Pamela: That’s excellent.
As always, an innovator. [laughs]
Anne: [laughs] Trying to be. Yes.
Pamela: That’s wonderful.
Tell me, what legacy do you want to leave?
Anne: I love this question. It’s a question that I’ve really probably thought about since I was eleven years old, which I know sounds crazy, but that’s when I first started saying I wanted to be a lawyer. I’ve just had this strong sense in my heart that — I have this one short life, and I want to contribute something positive and important to the world.
What I hope, on this new path, is that I’m able to leave a legacy that starts shifting the paradigm, as you said, where we start moving the legal profession in a direction where we’re not focused only on business success, but also on the individual well-being of the lawyers and thriving in general. I think that then will have the consequence of having more energized lawyers that are able to do more good in the world themselves.
I think lawyers, as a group, are an enormously talented, energetic group of people. Imagine what they might accomplish, if they weren’t so burnt out and tired and drugged out, or whatever it is — stressed out. That they’re able to contribute their full selves, both to their work and their communities. I think that has enormous potential for making the world a better place.
Pamela: Excellent. Excellent. Excellent.
It’s just heartwarming when I’m able to meet, and I feel honored to interview people like you who are so committed and so passionate about your vision to make a difference in the legal community. It just really warms my heart. So thank you.
Anne: Thank you. Thanks so much, Pamela. I really, again, I’m complimented and appreciate the opportunity to talk with you today.
Pamela: Our last question, which I ask every one of our lawyers of the week, is — name one thing that you do to manage your stress levels, in the spirit of lawyer well-being. [laughs]
Anne: [laughs] That’s a good question. I actually talk a lot about stress management techniques in the book, and I use all of them, pretty much everything in the book, I do.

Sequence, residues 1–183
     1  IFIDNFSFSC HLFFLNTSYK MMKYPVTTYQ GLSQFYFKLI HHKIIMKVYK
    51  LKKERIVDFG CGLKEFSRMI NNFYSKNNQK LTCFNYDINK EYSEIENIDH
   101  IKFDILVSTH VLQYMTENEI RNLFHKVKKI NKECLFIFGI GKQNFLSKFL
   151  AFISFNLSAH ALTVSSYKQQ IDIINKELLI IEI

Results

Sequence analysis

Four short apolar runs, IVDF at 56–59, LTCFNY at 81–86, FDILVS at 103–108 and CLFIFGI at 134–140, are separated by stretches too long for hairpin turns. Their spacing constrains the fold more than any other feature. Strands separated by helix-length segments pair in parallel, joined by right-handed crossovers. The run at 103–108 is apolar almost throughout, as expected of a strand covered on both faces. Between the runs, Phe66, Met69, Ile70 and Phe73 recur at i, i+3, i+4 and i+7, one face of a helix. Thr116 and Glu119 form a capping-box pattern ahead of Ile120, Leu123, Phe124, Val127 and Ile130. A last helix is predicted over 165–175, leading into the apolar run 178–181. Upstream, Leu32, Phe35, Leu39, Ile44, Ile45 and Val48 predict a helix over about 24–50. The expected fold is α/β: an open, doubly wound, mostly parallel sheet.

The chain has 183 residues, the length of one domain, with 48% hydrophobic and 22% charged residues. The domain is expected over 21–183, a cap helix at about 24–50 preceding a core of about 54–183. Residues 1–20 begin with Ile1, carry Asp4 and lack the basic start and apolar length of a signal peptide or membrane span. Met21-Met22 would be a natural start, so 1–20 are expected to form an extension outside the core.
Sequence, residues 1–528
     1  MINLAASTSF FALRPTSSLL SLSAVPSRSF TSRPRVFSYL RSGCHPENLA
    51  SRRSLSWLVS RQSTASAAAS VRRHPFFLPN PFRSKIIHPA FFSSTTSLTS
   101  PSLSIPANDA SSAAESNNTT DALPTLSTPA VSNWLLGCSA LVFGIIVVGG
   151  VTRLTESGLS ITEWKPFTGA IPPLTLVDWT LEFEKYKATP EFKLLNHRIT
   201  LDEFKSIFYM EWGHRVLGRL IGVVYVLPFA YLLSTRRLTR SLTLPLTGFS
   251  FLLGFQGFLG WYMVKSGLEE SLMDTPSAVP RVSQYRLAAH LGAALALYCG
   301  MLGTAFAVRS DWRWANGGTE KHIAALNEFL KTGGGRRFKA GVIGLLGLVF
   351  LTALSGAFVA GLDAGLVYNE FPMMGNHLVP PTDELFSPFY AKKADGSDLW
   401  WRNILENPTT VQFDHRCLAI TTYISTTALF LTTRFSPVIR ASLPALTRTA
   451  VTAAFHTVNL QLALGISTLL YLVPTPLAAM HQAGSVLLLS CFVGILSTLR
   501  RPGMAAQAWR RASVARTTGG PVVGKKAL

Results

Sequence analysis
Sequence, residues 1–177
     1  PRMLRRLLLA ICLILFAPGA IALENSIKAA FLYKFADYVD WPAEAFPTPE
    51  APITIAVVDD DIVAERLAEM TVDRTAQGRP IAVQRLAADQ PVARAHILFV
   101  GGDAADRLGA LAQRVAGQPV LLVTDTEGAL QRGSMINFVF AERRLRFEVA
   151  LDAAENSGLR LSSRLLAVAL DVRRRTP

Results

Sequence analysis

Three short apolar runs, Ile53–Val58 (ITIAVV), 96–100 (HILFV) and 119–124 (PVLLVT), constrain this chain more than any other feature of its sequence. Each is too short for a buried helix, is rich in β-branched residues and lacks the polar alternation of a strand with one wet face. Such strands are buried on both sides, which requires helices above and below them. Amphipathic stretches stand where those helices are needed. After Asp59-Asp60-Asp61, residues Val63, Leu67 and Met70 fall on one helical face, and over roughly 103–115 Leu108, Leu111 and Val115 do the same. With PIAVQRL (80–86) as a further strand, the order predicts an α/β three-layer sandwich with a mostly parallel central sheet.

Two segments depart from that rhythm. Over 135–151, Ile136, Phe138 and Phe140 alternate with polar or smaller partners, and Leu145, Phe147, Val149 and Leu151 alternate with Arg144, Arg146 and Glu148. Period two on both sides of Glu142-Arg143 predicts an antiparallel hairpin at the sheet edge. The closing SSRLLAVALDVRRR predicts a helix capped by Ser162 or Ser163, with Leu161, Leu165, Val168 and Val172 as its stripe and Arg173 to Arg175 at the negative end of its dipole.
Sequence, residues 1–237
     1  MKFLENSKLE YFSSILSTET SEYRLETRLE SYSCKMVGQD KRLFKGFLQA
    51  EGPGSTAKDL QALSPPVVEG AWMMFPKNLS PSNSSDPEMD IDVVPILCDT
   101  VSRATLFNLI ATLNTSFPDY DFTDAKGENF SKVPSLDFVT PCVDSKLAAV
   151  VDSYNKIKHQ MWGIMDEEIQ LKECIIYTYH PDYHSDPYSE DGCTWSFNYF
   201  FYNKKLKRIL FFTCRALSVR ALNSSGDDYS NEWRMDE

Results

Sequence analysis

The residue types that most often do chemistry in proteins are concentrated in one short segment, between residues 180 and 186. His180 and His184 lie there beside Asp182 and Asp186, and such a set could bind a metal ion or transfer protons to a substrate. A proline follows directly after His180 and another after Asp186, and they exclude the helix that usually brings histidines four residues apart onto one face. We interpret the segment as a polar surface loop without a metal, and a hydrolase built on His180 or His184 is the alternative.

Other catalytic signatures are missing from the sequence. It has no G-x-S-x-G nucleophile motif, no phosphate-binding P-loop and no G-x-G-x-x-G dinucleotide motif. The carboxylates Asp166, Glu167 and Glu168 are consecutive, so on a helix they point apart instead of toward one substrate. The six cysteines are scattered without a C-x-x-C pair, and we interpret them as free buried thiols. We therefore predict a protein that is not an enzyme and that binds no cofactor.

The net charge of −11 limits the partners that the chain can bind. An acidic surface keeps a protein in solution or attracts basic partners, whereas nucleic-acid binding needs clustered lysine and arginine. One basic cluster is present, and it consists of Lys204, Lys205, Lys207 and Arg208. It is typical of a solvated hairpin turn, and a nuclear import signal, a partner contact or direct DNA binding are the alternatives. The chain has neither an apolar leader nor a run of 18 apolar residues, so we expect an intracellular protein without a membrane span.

But one of my favorites, I think, sounds simple, but it is really beneficial — I walk almost every day on the beach, and very often with my husband. This of course is all research-based, but there’s excellent research. Both the exercise component of it is really beneficial to well-being, as is being in nature, and near the water, as is in making connection with other people.
I love doing it, and also, it’s a science-backed strategy for boosting well-being as well.
Pamela: Wonderful. Wonderful.
Well, Anne, thank you so much. I wish you much success with your book.
Again, her links are going to be at the bottom of this post. Be sure to order your copy and tell everyone you know about her book. Because she is on the forefront here to really incorporate well-being and profitability within the firm, and engagement. This book is going to be a wonderful handbook for you to use, and you can actually share it with the leaders in your firm, and with the new lawyers. So this whole new idea of lawyer well-being, engagement, and profitability will be something that will change in the very near future.
Anne: I sure hope so. Thanks again, Pamela.
Pamela: Alright. Thank you so much for being our lawyer of the week.
And to my audience, I hope to see you again next week.
Links for Anne
Book: Positive Professionals – Creating High-Performing, Profitable Firms Through the Science of Engagement